Orioles Rays BaseballAlan Schwarz of the New York Times wrote a great article about the use of simulations in baseball. in doing so, Schwarz looked at the impact of specific aspects of the game. One of those was the stolen base. Specifically, Schwarz showed that if a team such as the Tampa Bay Rays were to steal fewer bases, they would actually score more runs.

The stolen base. Advancing from first to second puts the runner in scoring position, but he — and the rest of your hitters — will have a hard time scoring if he gets thrown out. Mr. Kraemer looked at a recent team that ran wild (the 2008 Tampa Bay Rays) and one that barely stole at all (the 2005 Oakland A’s) and switched their mind-sets to see what happened. The A’s scored 20 runs fewer, which probably says more about their players’ inability to run in the first place. But when the speedy Rays stole sparingly, they increased their scoring by 47 runs per season — suggesting that perhaps the Rays were running too often in real life.

This caught the attention of Rob Neyer at ESPN.

On the other hand, the note about the Rays’ steals is truly surprising. The generally accepted break-even point for steals is something between 70 and 75 percent (depending on the scoring environment). Well, last season the Rays stole 142 bases and were caught 50 times for a 74 percent success rate, comfortably within that break-even range. I don’t know how to square 74 percent with those theoretical 47 runs … but if I were running the Rays, I sure would want to know.

First of all, we love baseball simulations. But we are the first to tell you that there are inherent limitations. Simulations, such as the highly respected “Diamond Mind” look at trends and averages and uses those to project what will happen over the course of a season. What they cannot do is project what will happen in very specific situations.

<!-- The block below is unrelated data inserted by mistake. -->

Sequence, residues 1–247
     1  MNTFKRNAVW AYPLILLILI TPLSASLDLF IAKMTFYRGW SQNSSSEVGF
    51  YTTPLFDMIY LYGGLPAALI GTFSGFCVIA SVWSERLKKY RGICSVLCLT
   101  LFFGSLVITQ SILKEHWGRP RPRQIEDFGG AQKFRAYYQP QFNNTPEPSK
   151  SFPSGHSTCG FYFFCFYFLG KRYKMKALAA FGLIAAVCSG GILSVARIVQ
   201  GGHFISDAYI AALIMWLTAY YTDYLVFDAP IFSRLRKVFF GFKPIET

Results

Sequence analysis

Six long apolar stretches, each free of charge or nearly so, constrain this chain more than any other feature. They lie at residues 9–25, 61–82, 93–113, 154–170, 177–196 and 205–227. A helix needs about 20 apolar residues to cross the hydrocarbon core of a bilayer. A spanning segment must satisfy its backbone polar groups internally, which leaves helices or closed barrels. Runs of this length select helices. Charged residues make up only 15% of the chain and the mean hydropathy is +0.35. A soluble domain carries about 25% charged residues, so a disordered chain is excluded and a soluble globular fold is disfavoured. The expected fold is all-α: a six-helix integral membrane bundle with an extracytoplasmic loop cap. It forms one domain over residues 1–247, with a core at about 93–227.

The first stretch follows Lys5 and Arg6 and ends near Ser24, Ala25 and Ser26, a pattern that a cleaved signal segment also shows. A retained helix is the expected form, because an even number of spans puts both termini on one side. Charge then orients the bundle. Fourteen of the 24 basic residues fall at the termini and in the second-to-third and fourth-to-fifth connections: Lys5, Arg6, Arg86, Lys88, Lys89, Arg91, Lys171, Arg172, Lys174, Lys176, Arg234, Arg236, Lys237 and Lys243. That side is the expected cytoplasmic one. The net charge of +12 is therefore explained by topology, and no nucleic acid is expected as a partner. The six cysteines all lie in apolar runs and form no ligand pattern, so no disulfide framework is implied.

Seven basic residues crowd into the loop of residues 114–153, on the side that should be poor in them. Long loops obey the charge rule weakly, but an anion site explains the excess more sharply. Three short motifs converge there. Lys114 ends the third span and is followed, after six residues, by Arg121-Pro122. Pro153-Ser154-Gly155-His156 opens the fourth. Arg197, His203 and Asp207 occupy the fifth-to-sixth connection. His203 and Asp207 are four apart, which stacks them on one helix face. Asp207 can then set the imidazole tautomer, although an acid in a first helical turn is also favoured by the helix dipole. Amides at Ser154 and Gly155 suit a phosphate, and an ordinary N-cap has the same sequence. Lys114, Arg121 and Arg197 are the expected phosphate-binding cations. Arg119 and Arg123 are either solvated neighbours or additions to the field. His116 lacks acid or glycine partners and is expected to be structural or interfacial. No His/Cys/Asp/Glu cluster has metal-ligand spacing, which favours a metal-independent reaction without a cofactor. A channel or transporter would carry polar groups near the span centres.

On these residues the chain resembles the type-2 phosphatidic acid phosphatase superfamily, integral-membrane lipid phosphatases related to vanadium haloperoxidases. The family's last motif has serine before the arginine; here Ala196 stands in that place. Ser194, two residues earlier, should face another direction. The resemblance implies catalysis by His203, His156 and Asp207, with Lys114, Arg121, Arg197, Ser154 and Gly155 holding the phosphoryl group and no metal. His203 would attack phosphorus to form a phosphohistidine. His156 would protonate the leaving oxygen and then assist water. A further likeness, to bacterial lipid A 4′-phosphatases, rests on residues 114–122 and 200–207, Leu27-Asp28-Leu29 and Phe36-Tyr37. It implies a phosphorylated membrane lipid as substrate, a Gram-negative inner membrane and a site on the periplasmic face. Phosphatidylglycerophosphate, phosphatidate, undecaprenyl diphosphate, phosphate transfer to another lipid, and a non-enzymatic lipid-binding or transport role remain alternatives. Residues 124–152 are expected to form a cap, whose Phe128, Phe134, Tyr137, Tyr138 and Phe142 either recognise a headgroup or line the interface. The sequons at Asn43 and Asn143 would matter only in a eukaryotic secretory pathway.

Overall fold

In the case of stolen bases, simulations look at a team like the Rays and see how often they steal and how often they are successful. What the simulations don’t see is when the Rays steal and what impact those steals have on other aspects of the game.

More specifically, the simulation will see that the Rays attempt 192 steals in a season or about once every 30 plate appearances. So when the simulator does its thing, it will have the Rays attempt a steal about once every 30 plate appearances without any further rhyme or reason.But even for a team like the Rays, there are times in the game when they are more likely to steal and times when they won’t because stealing a base would hurt the ballclub.

Furthermore, Diamond Mind only considers a stolen base as moving forward a base or being called out. But stealing a base is so much more than this simplistic view. A simulator does not consider the psychological impact on the pitcher and how he can be distracted. It does not consider whether the pitcher is throwing from the stretch or going to the plate with a quick pitch because somebody like Carl Crawford is on first base. It does not consider that a pitcher may throw more fastballs with BJ Upton on first base, and how that benefits the batter.